“They just kind of want to open up conversations about why do we mistrust our neighbors; what do you think is behind community violence and how can we learn to move past fear and toward forgiveness,” Litman-Koon explained.
The sponsor co-hosting churches for the East Cooper area’s “Conversations for Community” study are All Saints Lutheran Church, Hibben United Methodist Church, Olive Branch AME Church and Mount Pleasant Presbyterian Church. Litman-Koon explained other area churches will also assist with and attend the study.
Kicking off immediately following Martin Luther King Jr. weekend, East Cooper area residents from all religious backgrounds are invited to join the six week study every Tuesday evening at 7 p.m. beginning Jan. 21 through Feb. 25 at Olive Branch AME Church.
Litman-Koon finds it a happy coincidence that most groups of the council are starting the studies during the week of Martin Luther King Jr. weekend, which also happens to be the Week of Prayer for Christian unity. She explained it was Olive Branches’ Rev. Richard Harkness’ idea to start it right after MLK weekend.
“A lot of times communities will commemorate Martin Luther King, Jr. weekend alone, instead of coming together so we thought this was a good opportunity to bring everyone together,” Litman-Koon said.
A light meal will be served each Tuesday evening for all that attend the study, at no fee. Litman-Koon said that this is to create fellowship over a meal, while having very important discussions.
The religious leaders in other municipalities are deliberating the same bible study at the same time as the churches in Mount Pleasant. Some meeting in coffee shops and others in churches.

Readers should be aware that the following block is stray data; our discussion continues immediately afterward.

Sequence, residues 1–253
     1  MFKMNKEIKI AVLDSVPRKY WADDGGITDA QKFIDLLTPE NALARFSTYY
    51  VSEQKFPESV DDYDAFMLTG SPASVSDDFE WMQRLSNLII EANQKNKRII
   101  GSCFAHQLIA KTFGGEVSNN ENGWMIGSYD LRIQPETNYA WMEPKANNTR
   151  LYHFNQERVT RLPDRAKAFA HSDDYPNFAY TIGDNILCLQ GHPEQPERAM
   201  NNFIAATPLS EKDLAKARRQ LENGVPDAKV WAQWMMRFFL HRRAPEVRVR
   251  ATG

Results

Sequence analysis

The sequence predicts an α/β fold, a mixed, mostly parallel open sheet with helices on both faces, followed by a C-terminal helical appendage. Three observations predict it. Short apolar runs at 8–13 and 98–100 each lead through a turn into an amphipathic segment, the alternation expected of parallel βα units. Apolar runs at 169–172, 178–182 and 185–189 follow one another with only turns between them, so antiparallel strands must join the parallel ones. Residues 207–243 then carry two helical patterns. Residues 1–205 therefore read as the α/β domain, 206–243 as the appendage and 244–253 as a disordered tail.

“We’re hoping that once we start these relationships with our neighboring faith communities that we can expand the conversation to things like racism, sexism and socio-economic challenges. Because we really believe that’s where it starts. You build your values in your faith community. And sometimes you also build your present prejudices there too,” Litman-Koon said.
In the spring of 2019, All Saints Lutheran Church’s Called to Care Ministry held a pilot program testing out the study’s curriculum. Litman-Koon said that church members from several different denominations gathered for this and that all attendees equally left with the same positive result.
As they plan to expand their discussion themes in the future with more group studies, Litman-Koon shared that she thinks the entire area is taking positive steps towards continuing the legacy of the grace shown by the Mother Emanuel church and Charleston community.
“I feel like we are on the right track. The people, especially in Mount Pleasant, just seem to be really community focused in a really exciting way. They want to get to know each other and they want to step up to make a difference and lend a hand,” she said.
In addition to the “Conversations for Community, LFCLC is also planning an event for Saturday, May 2 called “Faith and Firearms Panel Event for 5th Emanuel Commemoration.” Litman-Koon said the panel would be comprised of individuals that produce materials to encourage difficult conversations. She explained the LFCLC is hoping to invite the community at-large and mostly faith leaders to the event to hear how they can start these kinds of conversations at their congregations and with their neighbors.
The LFCLC meets every other second Tuesday of the month at noon and is open to faith leaders in the area from all congregations. If you have questions about the council or the upcoming “Conversations for Community” study, you may contact Litman-Koon at firstname.lastname@example.org.